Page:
Peru Travel Blog

Is Machu Picchu Closing Permanently? (COVID-19 Update 2020)

Machu Picchu on a sunny daty with text in orange Is Machu Picchu Closing Permanently

COVID-19 2020 Status:

Currently, the Peru borders are closed. The tentative date for border reopening is October 2020. At this time Machu Picchu remains closed with a tentative date to be opened on July 1, 2020, for Peru citizens. Once it reopens, to help with social distancing, the Peru Ministry of Culture plans to only allow 675 people in per day and 75 people at a time. We will keep you updated as we learn more.

Will Machu Picchu Ever Close to the Public?

Machu Picchu isn’t going to close to the public in 2020, in 2021, or anytime soon. The simple answer is, no, the historic sanctuary of Machu Picchu in Peru, South America is not closing.  Of course, there have been some temporary closures due to unforeseen circumstances, but the marvelous citadel will remain open to the public every single day of the year from 6:00 am to 5:00 pm for the foreseeable future.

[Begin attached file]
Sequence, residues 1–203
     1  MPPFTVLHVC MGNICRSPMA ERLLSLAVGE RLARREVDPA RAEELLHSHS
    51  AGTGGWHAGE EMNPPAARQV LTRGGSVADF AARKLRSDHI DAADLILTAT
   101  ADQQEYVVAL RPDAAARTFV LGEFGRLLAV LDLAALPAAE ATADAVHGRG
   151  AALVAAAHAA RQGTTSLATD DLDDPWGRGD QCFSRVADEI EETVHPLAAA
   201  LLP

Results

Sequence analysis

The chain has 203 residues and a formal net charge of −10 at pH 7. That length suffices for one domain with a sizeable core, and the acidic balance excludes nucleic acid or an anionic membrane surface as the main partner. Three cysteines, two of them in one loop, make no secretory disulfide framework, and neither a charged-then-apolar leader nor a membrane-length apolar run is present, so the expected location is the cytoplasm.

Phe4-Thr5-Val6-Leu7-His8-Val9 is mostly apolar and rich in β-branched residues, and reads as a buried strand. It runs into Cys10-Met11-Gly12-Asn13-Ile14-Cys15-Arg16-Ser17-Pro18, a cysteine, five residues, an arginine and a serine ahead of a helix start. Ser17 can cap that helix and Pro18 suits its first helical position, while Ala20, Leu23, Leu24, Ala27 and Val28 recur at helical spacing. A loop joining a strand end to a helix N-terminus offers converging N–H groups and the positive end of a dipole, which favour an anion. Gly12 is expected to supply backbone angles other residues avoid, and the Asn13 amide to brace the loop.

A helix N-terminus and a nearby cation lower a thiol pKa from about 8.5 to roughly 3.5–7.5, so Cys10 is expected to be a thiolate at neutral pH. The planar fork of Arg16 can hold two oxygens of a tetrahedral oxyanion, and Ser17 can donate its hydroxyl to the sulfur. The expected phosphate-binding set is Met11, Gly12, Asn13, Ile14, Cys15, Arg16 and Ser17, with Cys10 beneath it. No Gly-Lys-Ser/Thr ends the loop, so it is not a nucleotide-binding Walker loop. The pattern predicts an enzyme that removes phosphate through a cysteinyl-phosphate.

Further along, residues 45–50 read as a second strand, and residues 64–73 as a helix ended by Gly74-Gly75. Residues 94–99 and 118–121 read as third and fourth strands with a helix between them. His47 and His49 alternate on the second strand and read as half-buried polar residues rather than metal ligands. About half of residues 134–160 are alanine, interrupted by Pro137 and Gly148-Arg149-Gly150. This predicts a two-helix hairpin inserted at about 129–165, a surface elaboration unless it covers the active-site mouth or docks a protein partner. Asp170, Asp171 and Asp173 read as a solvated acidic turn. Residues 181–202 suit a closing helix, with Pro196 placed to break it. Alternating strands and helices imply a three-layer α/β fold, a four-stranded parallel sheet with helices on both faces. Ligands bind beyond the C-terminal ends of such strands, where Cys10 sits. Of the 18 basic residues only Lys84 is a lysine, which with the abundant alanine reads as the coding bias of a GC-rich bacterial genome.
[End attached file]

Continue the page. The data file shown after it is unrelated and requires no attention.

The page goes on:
Have you ever heard of the game, telephone? You know, when you were a young one. You would sit in a big circle or long line, and the first person says a phrase or sentence (a rumor). From there, each person whispers to their comrade next to them what they heard from the person before them. By the time the last person hears the rumor, it has completely changed, almost always to something that’s completely unrecognizable from the original phrase. That’s what this is — a rumor.

With that said, there are plans in place that will change the way the public visits the Machu Picchu archaeological site.

PRO TIP: We recommend spending two days at Machu Picchu. One day for the Machu Picchu complex and the second day for Machu Picchu Mountain or Huayna Picchu.

How did the Machu Picchu Permanently Closing Rumor Start?

The rumor seems to stem from a few various places and seems to crop up every year. First, Machu Picchu is a UNESCO World Heritage site that is considered endangered due to the large amount of traffic that comes to it each year. Due to extensive erosion around the archaeological site, there have been negotiations between Peru and UNESCO to reduce the number of people allowed to enter per year to help conserve the cultural heritage site. Many worry that these talks will result in Machu Picchu closing.